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Former Deputy Acquitted of Charges He Failed to Act During Deadly Parkland School Shooting

Former Broward County Deputy Scot Peterson
Broward County Sheriff's Office
Former Broward County Deputy Scot Peterson

Fort Lauderdale - Thursday June 29, 2023: A Florida sheriff’s deputy was acquitted Thursday of felony child neglect and other charges for failing to act during the 2018 Parkland school massacre.

The jury had deliberated for 19 hours over four days. Former Broward County Deputy Scot Peterson wept as the verdicts were read.

Peterson was campus deputy at Marjory Stoneman Douglas High School. He had been charged with failing to confront shooter, Nikolas Cruz, who shot and killed 17 people on February 14 2018.

Prosecutors called a training supervisor who testified that Peterson did not follow protocols for confronting an active shooter, and they called students who said they knew for certain that the shots were coming from the 1200 building, which Peterson did not enter.

Peterson’s defense attorney called several deputies, students and teachers who testified they didn't think the shots were coming from the 1200 building. HIs defense also emphasized the failure of the sheriff’s radio system during the attack, which limited what Peterson heard from arriving deputies.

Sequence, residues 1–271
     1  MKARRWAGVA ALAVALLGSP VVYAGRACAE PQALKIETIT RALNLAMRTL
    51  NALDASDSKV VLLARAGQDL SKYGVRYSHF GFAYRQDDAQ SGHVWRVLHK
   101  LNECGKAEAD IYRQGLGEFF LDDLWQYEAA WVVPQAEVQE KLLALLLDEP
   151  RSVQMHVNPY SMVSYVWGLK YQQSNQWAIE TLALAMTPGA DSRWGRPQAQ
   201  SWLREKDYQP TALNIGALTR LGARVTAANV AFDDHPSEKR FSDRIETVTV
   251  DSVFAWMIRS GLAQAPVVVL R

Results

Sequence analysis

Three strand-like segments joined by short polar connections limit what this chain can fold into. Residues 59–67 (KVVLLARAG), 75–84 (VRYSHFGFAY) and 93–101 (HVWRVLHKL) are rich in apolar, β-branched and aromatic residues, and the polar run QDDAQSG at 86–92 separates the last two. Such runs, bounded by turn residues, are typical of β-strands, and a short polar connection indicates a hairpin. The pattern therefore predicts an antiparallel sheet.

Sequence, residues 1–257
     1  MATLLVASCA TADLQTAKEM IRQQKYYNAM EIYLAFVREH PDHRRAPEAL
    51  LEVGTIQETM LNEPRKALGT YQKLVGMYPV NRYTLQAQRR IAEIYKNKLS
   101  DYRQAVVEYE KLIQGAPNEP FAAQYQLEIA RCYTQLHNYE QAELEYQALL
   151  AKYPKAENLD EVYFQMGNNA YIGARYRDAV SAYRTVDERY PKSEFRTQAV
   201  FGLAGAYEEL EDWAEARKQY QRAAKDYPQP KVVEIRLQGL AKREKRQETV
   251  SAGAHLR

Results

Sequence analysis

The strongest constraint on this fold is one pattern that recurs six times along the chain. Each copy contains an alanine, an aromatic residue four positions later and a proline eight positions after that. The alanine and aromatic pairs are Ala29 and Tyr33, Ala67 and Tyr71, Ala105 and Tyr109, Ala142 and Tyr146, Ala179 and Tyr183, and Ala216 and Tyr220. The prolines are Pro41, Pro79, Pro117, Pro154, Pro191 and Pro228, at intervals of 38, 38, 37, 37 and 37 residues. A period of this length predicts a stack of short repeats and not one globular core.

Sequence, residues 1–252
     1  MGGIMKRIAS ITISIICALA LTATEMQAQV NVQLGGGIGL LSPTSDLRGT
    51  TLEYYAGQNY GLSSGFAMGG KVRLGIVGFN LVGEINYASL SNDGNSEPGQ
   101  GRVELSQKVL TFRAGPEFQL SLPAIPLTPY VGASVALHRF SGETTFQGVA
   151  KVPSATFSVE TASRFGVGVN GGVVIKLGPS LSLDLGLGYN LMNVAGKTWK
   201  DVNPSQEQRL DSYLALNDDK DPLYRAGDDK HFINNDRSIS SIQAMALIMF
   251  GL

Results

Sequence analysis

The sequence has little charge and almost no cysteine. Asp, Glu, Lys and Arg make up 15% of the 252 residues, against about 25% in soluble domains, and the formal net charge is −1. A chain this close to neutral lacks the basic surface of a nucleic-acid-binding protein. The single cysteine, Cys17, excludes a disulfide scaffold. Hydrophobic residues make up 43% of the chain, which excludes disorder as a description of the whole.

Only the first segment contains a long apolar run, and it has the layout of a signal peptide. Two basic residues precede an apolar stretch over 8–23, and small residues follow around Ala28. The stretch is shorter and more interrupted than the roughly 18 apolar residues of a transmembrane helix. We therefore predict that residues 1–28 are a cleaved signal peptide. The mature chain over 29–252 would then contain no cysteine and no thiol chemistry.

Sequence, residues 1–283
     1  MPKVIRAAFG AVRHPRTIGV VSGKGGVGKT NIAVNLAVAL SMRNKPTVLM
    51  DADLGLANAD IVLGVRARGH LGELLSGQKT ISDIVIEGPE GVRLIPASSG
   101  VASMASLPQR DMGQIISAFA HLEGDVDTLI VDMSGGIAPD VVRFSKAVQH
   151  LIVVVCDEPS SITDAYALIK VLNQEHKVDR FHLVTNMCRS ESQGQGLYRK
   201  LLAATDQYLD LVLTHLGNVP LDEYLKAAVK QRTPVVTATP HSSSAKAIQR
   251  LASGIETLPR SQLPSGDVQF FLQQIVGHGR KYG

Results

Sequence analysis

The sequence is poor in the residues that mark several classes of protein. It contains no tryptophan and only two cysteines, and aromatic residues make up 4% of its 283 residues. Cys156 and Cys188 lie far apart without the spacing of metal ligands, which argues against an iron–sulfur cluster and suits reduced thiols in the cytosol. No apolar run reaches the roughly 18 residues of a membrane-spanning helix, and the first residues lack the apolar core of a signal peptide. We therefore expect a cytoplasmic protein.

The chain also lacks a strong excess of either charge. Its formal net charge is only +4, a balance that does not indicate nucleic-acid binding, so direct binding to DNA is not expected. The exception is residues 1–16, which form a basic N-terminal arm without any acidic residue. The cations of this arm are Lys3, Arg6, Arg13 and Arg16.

Peterson, who did not testify, has said that because of echoes, he could not pinpoint the shooters location.

The trial was the first ever in U.S. history for a a law enforcement officer accused of mis-conduct during an on-campus shooting.

Peterson's Actions on the day of the shooting

Security videos show that 36 seconds after Cruz’s attack began, Peterson exited his office about 100 yards (92 meters) from the 1200 building and jumped into a cart with two unarmed civilian security guards. They arrived at the building a minute later.

Peterson got out of the cart near the east doorway to the first-floor hallway. Cruz was at the hallway’s opposite end, firing his AR-15-style semiautomatic rifle.

Peterson, who was not wearing a bullet-resistant vest, didn’t open the door. Instead, he took cover 75 feet (23 meters) away in the alcove of a neighboring building, his gun still drawn. He stayed there for 40 minutes, long after the shooting ended and other police officers had stormed the building.

Peterson spent nearly three decades working at schools, including nine years at Stoneman Douglas. He retired shortly after the shooting and was then fired retroactively.